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### please tell me what is wrong with the following description in c language

Please tell me what is wrong with the following description in C language. Please.

It is written to solve the following problems.
This is a program that sorts the numbers separated by, in descending order.

When I put a sharp, the characters became bigger, so I started with include, but the actual program has a sharp.

Please sort the contents of the array below in descending order and attach them.
Example: If i have an array {1,5,3,2}, sort it in descending order to get {5,3,2,1}. So the answer is {5321}.

[15,1,93,52,66,31,87,0,42,77,46,24,99,10,19,36,27,4,58,76,2,81,50,102,33,94 , 20,14,80,82,49,41,12,143,121,7,111,100,60,55,108,34,150,103,109,130,25,54,57,159,136,110,3,167,119,72,18,151,105,171,160,144,85,201,193,188,190,146,210,211,63,207]

include

int main () {
int cap = 200;
unsigned char a [cap], b [cap];
int c [cap], tmp;
int s, t, u, i, j, x;

printf ("Enter value \ n");
scanf ("% s",&a);

t = 0;
u = 1;

Remove //, and store only the number in b. Also, record how many in total with else.
for (s = 0;s if (a [s]! =',') {
b [t] = a [s];
++ t;
} else {
u = u + 1;
}
// Convert b to int type. Also, at that time, put it in c.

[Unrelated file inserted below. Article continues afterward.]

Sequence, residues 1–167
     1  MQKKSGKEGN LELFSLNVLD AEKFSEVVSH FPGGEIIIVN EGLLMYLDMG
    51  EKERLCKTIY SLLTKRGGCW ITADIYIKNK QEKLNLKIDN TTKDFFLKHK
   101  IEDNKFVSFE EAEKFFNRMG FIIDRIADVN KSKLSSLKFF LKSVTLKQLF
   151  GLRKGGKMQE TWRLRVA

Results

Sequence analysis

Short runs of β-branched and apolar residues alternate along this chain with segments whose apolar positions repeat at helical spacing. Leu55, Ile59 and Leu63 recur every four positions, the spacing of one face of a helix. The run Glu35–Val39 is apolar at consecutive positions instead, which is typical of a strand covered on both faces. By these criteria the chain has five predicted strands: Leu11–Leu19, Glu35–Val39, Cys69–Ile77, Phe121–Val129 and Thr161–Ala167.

for (x = 0;x c [x] = (int) b [x];
}
// Sort in descending order.
for (i = 0;i for (j = i + 1;j if (c [i] tmp = c [i];
c [i] = c [j];
c [j] = tmp;
}
}
}

printf ("descending sorted numbers \ n");
for (i = 0;i printf ("% d \ n", c [i]);
}
return 0;
}

• Answer # 1

The first big misconception is the conversion of strings and numbers.

``````  // Convert b to int type. Also, at that time, put it in c.
for (x = 0;x<cap;++ x) {
c [x] = (int) b [x];
}``````

Please understand that this is strange.

For example`1`ThatletterWhen there was`c [x] = (int) b [x];`Because thatCharacter codeTo`c [x]`It will be put in. If you think in ASCII`0x31`is not it. Is this the conversion you really want? It's different?

There is one more big mistake.

``````  Remove //, and store only the number in b. Also, record how many in total with else.
for (s = 0;s<cap;++ s) {
if (a [s]! =',') {
b [t] = a [s];
++ t;
}
else {
u = u + 1;
}
}``````

Delimiter`,`The point I'm trying to identify is correct, but it doesn't record what character the delimiter was in. For example`123,41`In response to the input`one two Three`When`41`You have to divide it into numbers and convert it to a numerical value, but this is a problem.

By the way, to convert a string to a number`strtol`I used a function. In fact`strtol`With the function, you don't have to record the position of the delimiter every time.

``````#include<stdio.h>
#include<stdlib.h>
#include<errno.h>
#ifndef COUNFOF
#define COUNFOF (arr) (sizeof (arr)/sizeof (* arr))
#endif
int main (void)
{
char buf ;
if (NULL == fgets (buf, COUNFOF (buf), stdin)) {
return 1;
}
long nums ;
const char * s = buf;
char * endptr;
size_t i;
for (i = 0;i<COUNFOF (nums);++ i) {
errno = 0;
const long t = strtol (s,&endptr, 10);
if (0! = errno || (0 == t&&endptr == s)) return 1;
nums [i] = t;
if (endptr  =='\ 0'|| endptr  =='\ n'|| endptr  =='\ r') {
++ i;
break;
}
if (endptr ! =',') return 2;
s = endptr + 1;
}
for (size_t j = 0;j! = i;++ j) {
printf ("% ld,", nums [j]);
}
return 0;
}``````

It should be roughly as above (sorting omitted)